How do programming languages work under the hood? What’s the difference between compiler and interpreter? What is a virtual machine, and JIT-compiler? And what about the difference between functional and imperative programming?
There are so many questions when it comes to implementing a programming language!
The problem with “compiler classes” in school is they usually are presented as some “hardcore rocket science” which is only for advanced engineers.
Moreover, classic compiler books start from the least significant topic, such as Lexical analysis, going right away deep down to the theoretical aspects of formal grammars. And by the time of implementing a first Tokenizer module, students simply lose interest in the topic, not having a chance to actually start implementing a programing language itself. And all this is spread to a whole semester of messing with tokenizers and BNF grammars, without understanding the actual semantics of programming languages.
I believe we should be able to build and understand a full programming language semantics, end-to-end, in 4-6 hours — with content going straight to the point, showed in live coding sessions as pair-programming, and described in a comprehensible way.
Implementing a programing language would also make your practical usage level of other programming languages more professional.
Who this class is for?
This class is for any curious engineer, who would like to gain skills in building complex systems (and building a programming language is really a pretty advanced engineering task!), and obtain transferable knowledge for building such systems.
If you are interested specifically in compilers, interpreters, and source code transformation tools, then this class is also for you.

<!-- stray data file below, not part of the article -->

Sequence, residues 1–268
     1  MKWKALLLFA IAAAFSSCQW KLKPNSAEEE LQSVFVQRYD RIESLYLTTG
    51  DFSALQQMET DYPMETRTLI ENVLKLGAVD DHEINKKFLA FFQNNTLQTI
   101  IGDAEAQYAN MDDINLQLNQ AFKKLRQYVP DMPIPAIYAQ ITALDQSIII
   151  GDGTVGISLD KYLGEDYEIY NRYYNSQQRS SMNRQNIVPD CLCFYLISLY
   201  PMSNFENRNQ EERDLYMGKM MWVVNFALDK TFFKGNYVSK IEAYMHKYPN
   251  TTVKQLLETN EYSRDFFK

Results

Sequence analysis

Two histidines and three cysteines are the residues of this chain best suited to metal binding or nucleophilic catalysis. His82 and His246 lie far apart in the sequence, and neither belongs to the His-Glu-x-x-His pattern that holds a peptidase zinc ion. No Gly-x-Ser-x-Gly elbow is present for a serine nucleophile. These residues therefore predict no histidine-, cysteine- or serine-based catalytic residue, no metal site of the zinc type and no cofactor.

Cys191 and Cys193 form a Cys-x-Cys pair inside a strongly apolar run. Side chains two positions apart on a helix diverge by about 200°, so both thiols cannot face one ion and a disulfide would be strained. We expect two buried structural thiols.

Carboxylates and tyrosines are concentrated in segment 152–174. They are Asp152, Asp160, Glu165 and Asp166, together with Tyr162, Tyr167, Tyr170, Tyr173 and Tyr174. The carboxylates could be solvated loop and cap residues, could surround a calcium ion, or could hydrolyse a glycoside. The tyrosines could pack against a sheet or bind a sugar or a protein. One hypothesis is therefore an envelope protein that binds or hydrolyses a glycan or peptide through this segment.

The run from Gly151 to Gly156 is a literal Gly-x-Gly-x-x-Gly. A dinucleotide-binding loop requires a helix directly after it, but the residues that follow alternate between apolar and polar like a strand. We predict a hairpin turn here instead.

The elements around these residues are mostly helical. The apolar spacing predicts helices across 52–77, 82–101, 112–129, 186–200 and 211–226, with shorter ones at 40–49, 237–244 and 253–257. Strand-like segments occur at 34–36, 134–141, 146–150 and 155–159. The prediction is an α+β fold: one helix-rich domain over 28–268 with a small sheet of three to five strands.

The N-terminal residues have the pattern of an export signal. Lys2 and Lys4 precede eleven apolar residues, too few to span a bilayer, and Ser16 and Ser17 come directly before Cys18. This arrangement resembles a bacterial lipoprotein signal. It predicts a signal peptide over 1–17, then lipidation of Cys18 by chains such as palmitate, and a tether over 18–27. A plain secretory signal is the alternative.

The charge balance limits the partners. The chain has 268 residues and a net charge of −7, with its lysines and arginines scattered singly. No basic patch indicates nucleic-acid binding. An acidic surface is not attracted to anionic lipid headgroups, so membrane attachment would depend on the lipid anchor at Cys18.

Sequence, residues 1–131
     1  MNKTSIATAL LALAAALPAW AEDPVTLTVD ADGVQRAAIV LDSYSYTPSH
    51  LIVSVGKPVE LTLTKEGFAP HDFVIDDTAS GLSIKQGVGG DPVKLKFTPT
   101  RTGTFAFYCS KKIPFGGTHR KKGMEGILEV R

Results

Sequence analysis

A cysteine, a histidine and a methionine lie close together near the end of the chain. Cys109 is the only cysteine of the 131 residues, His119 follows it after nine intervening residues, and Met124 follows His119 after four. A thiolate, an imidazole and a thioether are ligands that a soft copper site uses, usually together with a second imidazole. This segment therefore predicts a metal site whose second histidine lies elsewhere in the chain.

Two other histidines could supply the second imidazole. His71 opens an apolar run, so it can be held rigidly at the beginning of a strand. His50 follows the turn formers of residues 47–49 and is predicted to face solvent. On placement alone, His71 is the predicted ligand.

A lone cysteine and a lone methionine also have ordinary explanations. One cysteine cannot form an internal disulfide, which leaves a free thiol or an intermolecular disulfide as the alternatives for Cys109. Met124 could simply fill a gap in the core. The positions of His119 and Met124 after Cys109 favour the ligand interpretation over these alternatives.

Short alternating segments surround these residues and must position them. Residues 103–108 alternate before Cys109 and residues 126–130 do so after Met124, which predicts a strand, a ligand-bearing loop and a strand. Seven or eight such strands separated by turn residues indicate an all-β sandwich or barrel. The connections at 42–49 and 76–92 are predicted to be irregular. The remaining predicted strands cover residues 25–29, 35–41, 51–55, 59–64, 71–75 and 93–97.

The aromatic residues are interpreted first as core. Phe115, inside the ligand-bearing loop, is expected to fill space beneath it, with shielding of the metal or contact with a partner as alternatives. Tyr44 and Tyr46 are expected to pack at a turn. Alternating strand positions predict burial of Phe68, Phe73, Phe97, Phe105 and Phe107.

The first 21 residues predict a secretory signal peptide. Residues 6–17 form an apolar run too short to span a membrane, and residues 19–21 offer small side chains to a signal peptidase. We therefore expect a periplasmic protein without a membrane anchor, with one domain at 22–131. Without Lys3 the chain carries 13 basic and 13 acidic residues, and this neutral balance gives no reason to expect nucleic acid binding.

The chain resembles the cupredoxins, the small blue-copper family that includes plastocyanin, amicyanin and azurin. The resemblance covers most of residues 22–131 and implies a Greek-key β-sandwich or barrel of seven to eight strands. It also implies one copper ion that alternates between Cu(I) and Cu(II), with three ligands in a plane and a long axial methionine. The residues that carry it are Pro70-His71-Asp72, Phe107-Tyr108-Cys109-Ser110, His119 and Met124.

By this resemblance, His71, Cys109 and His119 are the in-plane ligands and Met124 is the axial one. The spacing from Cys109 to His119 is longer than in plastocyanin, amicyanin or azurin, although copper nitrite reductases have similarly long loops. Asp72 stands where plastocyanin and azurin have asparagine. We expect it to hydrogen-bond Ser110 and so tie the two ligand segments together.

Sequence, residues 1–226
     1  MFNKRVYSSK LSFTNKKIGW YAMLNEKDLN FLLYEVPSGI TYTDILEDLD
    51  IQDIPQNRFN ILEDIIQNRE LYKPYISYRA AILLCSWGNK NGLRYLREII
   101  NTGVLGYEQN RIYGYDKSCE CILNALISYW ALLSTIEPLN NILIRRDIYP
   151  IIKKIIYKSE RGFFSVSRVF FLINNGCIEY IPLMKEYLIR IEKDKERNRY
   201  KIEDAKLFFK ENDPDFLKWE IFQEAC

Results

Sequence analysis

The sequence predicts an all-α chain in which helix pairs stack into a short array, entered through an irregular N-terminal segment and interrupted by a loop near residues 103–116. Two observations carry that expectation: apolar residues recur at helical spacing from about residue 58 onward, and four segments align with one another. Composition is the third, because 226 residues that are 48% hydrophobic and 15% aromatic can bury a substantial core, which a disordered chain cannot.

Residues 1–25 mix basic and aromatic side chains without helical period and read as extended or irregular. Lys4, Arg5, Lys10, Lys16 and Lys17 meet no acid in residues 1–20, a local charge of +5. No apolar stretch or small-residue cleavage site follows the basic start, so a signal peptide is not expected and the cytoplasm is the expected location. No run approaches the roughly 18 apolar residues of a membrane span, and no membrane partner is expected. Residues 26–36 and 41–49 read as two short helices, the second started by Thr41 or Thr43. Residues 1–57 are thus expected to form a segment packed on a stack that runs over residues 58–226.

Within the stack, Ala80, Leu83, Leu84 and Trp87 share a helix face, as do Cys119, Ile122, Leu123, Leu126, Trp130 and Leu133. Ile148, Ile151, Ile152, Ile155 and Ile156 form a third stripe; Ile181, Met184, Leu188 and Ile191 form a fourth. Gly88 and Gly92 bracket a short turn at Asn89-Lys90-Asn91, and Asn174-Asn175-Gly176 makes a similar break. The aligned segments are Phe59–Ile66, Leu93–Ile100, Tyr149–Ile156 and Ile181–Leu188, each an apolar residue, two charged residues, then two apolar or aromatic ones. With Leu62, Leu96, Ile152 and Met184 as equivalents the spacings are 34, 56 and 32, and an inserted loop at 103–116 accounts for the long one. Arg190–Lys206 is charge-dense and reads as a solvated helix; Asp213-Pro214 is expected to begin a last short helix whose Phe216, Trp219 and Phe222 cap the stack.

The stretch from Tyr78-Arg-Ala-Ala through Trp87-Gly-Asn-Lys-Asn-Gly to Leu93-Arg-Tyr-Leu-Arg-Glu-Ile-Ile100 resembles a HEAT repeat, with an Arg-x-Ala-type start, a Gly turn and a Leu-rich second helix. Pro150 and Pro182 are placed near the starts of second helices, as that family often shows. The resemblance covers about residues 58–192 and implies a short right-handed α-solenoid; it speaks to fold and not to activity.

The only pre-requisite for this class is basic data structures and algorithms: trees, lists, traversal.
What is used for implementation?
Note: we want our students to actually follow, understand and implement every detail of the interpreter themselves, instead of just copy-pasting from the final solution. The full source code for the language is available in video lectures, showing and guiding how to structure specific modules.
What's specific in this class?
The main features of these lectures are:
Concise and straight to the point. Each lecture is self-sufficient, concise, and describes information directly related to the topic, not distracting on unrelated materials or talks.
Animated presentation combined with live-editing notes. This makes an understanding of the topics easier and shows how (and when at the time) the object structures are connected. Static slides simply don’t work for complex content.
Live coding session end-to-end with assignments. The full source code, starting from scratch, and up to the very end is presented in the class
What is in the course?
The course is divided into four parts, in a total of 18 lectures, and many sub-topics in each lecture.
Part 1: Compilers crash course
In this part, we describe different compilation and interpretation pipelines, see the difference between JIT-compilers and AOT-compilers, talk about what is a Virtual machine and Bytecode-interpreter, and how it differs from an AST-interpreter, show examples of native code, and LLVM IR, and other topics.
Part 2: Interpreters: Basic expressions and Variables
In this part, we start building our programming language and consider basic expressions, such as numbers, strings, talk about variables, scopes, and lexical environments, control structures, and touching parser generator.
Part 3: Functions and Functional programming
In this part, we start talking and implementing function abstraction, and function calls. We describe the concept of closures, lambda function, and IILEs (Immediately-invoked lambda expressions). In addition, we touch on topics of Call-stack, recursion, and syntactic sugar.
Part 4: Object-oriented programming
The final part of the course is devoted to the object-oriented support in our language. We describe the class-based, and prototype-based approaches, implement concepts of classes, instances, and modules.
I hope you’ll enjoy the class, and will be glad to discuss any questions and suggestions in the comments.
- Dmitry Soshnikov
Basic data structures and algorithms
Graphs, trees, traversal